3.3 Storage and Backup

Data Management: The 3-2-1 Rule

3-2-1 Rule

VIDEO: https://www.youtube.com/watch?v=_F_r56dkq2I



There is a saying about storage that goes “lots of copies keeps stuff safe”. The idea behind the principle is that even if your main storage system fails, you still have access to your data.

If you have very important data, you may want to keep many copies, but most scientists should follow the 3-2-1 Rule and keep three copies of their files. This rule states that you should have 3 copies of your data in 2 locations on more than 1 type of storage media.

The offsite copy is particularly critical. Many people keep their data and a backup copy on-site, but this doesn’t factor in scenarios where the building floods or burns down (as can happen in a chemistry building) or a natural disaster occurs. Storing a copy of your data off-site can make the recovery process easier if everything local is lost.

While the 3-2-1 Rule mainly concerns redundancy, it’s also a recommendation for variety in that data should not all be stored on one type of hardware. Computer hard drives fail, cloud storage can be disrupted, and CDs will go bad over time; each storage type has its own strengths and weakness so using several types of storage spreads your risk around.  So if the first copy your data is on your computer, look for other options for your backups like external hard drives, cloud storage, local server, CDs/DVDs, tape backup, etc. Finally, always keep a local copy of your data if its main storage is in the cloud. Accidents happen, even with well-run cloud storage, so it’s always best to have a copy of your data in your direct control, just in case.

Here’s an example of following the 3-2-1 Rule using resources a research has locally available:

  • a copy on my computer (onsite)
  • a copy backed up weekly to the office shared drive (onsite)
  • a copy backed up automatically to the cloud

The 3-2-1 Rule is simply an interpretation of the old expression, ‘don’t put all of your eggs in one basket.’ This applies not only to the number of copies of your data but also the technology upon which they are stored. With a little bit of planning, it is very easy to ensure that your data are backed up in way that dramatically reduces the risk of total loss.


Adapted from “Rule of 3” by Kristin Briney (http://dataabinitio.com/?p=320), CC-BY.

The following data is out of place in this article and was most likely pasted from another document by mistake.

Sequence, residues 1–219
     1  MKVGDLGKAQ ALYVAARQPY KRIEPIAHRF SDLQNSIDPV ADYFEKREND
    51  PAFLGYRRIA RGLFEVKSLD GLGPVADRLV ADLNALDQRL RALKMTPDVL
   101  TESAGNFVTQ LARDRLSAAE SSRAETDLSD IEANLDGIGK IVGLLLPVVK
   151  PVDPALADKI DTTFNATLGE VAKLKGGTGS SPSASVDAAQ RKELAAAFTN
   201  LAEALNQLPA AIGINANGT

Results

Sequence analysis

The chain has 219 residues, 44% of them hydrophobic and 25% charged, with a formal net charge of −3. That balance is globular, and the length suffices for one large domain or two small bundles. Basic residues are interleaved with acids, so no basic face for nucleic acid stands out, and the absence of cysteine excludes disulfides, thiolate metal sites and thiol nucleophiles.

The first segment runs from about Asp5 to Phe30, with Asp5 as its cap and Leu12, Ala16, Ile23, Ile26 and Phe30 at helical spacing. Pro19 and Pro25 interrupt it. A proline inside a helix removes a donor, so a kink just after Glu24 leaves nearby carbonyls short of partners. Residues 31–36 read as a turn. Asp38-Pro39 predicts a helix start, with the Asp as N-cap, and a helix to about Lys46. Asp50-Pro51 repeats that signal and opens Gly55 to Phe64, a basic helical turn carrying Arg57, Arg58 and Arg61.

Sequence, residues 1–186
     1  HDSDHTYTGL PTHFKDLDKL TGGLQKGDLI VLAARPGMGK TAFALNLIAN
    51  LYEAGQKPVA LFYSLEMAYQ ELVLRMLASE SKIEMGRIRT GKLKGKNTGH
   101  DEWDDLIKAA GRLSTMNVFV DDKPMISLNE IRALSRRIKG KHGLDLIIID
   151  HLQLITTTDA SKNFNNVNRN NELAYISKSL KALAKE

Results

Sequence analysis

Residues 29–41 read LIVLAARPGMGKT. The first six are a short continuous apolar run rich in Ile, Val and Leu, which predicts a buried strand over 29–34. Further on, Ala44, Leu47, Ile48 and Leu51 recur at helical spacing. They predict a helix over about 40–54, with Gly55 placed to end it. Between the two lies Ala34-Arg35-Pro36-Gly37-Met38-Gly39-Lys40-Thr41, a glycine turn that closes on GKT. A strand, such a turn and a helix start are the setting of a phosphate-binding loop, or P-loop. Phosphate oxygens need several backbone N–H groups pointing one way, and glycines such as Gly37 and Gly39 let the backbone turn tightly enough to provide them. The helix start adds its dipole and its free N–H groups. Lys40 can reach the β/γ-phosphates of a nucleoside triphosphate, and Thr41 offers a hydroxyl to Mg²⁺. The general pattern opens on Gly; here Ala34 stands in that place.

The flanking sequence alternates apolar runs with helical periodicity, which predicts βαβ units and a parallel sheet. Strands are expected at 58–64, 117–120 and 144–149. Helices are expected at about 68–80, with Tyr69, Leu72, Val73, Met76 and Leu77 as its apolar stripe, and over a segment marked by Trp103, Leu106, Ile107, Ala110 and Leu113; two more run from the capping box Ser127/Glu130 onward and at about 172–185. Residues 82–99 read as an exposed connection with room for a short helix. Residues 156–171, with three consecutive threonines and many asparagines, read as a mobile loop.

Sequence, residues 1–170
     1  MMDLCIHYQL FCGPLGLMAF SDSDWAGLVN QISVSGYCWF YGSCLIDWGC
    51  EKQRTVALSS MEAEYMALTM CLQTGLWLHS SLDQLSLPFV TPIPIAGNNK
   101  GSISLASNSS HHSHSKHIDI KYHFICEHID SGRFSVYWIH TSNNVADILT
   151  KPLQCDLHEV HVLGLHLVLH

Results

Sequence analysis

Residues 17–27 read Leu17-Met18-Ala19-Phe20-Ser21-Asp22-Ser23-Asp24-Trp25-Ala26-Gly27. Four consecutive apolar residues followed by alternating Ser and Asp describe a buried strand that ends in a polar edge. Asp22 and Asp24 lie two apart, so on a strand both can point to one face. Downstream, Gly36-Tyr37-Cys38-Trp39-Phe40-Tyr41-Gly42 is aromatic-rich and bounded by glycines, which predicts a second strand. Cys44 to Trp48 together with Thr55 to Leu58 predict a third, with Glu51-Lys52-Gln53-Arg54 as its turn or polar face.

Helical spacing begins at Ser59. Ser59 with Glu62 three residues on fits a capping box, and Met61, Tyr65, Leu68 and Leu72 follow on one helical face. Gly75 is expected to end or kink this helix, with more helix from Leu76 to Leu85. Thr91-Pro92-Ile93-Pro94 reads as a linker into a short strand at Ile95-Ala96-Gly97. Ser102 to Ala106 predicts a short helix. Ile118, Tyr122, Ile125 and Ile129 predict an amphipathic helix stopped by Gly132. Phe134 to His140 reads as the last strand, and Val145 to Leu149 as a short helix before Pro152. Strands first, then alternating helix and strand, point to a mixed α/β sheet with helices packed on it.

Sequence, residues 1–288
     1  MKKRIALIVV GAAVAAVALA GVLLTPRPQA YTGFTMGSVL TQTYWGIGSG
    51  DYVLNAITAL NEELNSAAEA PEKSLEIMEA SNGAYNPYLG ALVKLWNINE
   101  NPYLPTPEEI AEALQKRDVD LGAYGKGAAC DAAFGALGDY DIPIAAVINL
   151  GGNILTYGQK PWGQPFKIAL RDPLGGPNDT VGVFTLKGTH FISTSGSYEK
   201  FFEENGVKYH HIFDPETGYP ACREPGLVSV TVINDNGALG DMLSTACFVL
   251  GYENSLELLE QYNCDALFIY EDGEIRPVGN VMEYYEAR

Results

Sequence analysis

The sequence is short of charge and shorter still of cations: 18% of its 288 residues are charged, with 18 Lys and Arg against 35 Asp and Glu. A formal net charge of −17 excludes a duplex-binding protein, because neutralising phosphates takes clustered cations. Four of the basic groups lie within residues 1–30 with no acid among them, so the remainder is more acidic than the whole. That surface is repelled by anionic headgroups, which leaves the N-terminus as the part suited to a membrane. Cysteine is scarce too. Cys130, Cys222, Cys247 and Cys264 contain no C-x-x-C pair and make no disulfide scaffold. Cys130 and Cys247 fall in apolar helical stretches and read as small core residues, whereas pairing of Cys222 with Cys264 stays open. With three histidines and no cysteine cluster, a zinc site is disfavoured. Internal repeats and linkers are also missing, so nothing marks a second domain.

Part of following the 3-2-1 Rule means having backups in place. When looking for good backup options, consider the following:

  • Any backup is better than none
  • Automatic backup is better than manual
  • Your work is only as safe as your backup plan
  • Check your backups periodically

You should check your backups for two reasons. First, you need to know that they are working properly. A backup that is not working is not a backup at all. You should test your backups once or twice a year and any time you make changes to your backup system. If your data are particularly complex to back up or particularly valuable, considering testing your backups more frequently.

The second reason to test your backups is to know how to restore from backup. You don’t want to be learning how to restore from backup when you’re already in a panic over losing the main copy of your data. Knowing how to restore from backup ahead of time will make the data recovery process go much more smoothly.

It’s a small thing to periodically test restore from backup, but it will give you piece of mind that your data are being properly backed up and that you will be able to recover everything if something happens to your main copy.


Adapted from “Test Your Backups” by Kristin Briney (http://dataabinitio.com/?p=399), CC-BY, and from the data management guide by UWM Libraries (http://guides.library.uwm.edu/data), CC-BY.

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Comments 3

Ashley Cox (not verified) | Tue, 09/22/2015 - 13:15
I really wish that more people followed the 3-2-1 Rule. Store your data off-site!

Dr. Briney | Tue, 09/22/2015 - 14:14
I agree! I've seen WAY TOO MANY horror stories about students losing copies of their theses and don't want anyone else to fall into the trap. Do realize that off-site storage, particularly cloud storage, also isn't full-proof; companies fold, have technical issues, and lose data. That's why it's so important to keep both on-site (ie. in your direct control) and off-site copies of your data.

Herman Bergwerf | Tue, 09/22/2015 - 17:13
I work at a company who also uses cloud storage and of course data integrity is a very important issue. Some (big) companies (including Google) store tapes so they have a backup in case of emergency. We are quite a small company and we don't do any on-site storage. Instead we use advanced replication technologies which copies our data to multiple data centers. Actually this is also what companies like Google do with their data. If one copy of the data is lost there are still a number of copies left that are actively updating each other and adding new copies if required (so data can be inserted in any copy, in a master/slave system the data is routed to the master and then copied to all slaves, if the master goes down a new one is elected, in a master to master system each copy can add data and send it to the other members of the cluster). The PDB (Protein Data Bank) is also an example of a very important academic dataset which is mirrored by different, in this case, separate databases. These technologies actually make cloud storage extremely reliable. (still, our company almost suffered serious data loss after firmware updates on our hardware, this is why using multiple data centers is very important)